Bleach is as follows
Potassium Ferri- 32grams
Postasium Bromide - 32 grams
12 litres of water.
I will use this basic starting point- for Ilford Warmtone anywhere from 5 seconds to 1minute depending on the look I want.
Sodium Sulphide- 32 grams
12 litres of water
Immerse the print into the sulphide(stinky stuff) for 30secs to 1 minute.
Thanks to Bill Schwab on this one.... if the tone is not to my liking I will re bleach and build up the brown tone. I watched Bill doing this after a long day in my darkroom, making some murals. I thought he was crazy but once started is an amazing way of building up sepia tone to exactly where you want to be.
If I want a duo tone then I will mix up the Selenium.
I use: Selenium 1 : 5 and I will vary the papers to suit my desired look. I stopped using a weak dilution of 1:20 twenty years ago, as you can tell by this thread, I like working fast.
MAS - is Michael A Smith who wrote a nice article in the 90's about outflanking when printing, which is a method I was taught and I believe most professional printers use.
Cold tone papers generally require more bleach to get my look. I prefer cold tone papers for this particular look. (for Russell Monk series we used Ilford Warmtone,my favourite paper The bleach time was 5 seconds no more and the prints started to get too warm.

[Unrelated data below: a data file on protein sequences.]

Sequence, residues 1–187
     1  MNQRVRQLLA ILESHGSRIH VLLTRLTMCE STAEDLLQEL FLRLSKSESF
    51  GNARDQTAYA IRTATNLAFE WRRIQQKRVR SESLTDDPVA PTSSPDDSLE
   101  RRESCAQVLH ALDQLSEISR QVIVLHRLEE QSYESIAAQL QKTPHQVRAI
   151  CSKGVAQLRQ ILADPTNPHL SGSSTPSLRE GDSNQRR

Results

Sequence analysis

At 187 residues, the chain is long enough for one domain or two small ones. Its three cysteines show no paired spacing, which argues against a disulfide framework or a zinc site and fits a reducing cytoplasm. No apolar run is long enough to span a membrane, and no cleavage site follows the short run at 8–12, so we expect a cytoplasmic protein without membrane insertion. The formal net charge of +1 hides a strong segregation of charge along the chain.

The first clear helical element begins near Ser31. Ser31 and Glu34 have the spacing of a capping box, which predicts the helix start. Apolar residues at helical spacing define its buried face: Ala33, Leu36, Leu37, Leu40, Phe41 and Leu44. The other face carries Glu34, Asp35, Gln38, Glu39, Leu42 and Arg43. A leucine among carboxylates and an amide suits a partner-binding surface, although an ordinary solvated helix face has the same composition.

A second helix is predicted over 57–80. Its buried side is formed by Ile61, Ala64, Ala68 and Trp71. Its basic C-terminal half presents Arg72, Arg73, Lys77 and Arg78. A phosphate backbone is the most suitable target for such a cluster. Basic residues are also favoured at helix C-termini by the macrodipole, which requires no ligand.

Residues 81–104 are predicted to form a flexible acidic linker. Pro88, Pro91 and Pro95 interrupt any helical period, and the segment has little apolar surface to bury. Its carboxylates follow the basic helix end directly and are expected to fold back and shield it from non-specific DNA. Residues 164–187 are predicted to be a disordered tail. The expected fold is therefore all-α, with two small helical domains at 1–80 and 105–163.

I only go full on sepia for one current client and I am not a really big fan of a full sepia toned print, I prefer a split where the highlights tone yellow and the shadows that tone cooler.
I always give a 20 minute soak in water after sepia toning before I go into the selenium or other toners.
It appears some of us here like to sepia first then selenium(me) and others prefer to selenium first.
I will never bleach and then selenium without fixing and washing the print between the steps, and I cannot explain the theory behind this.
Originally Posted by DarkMagic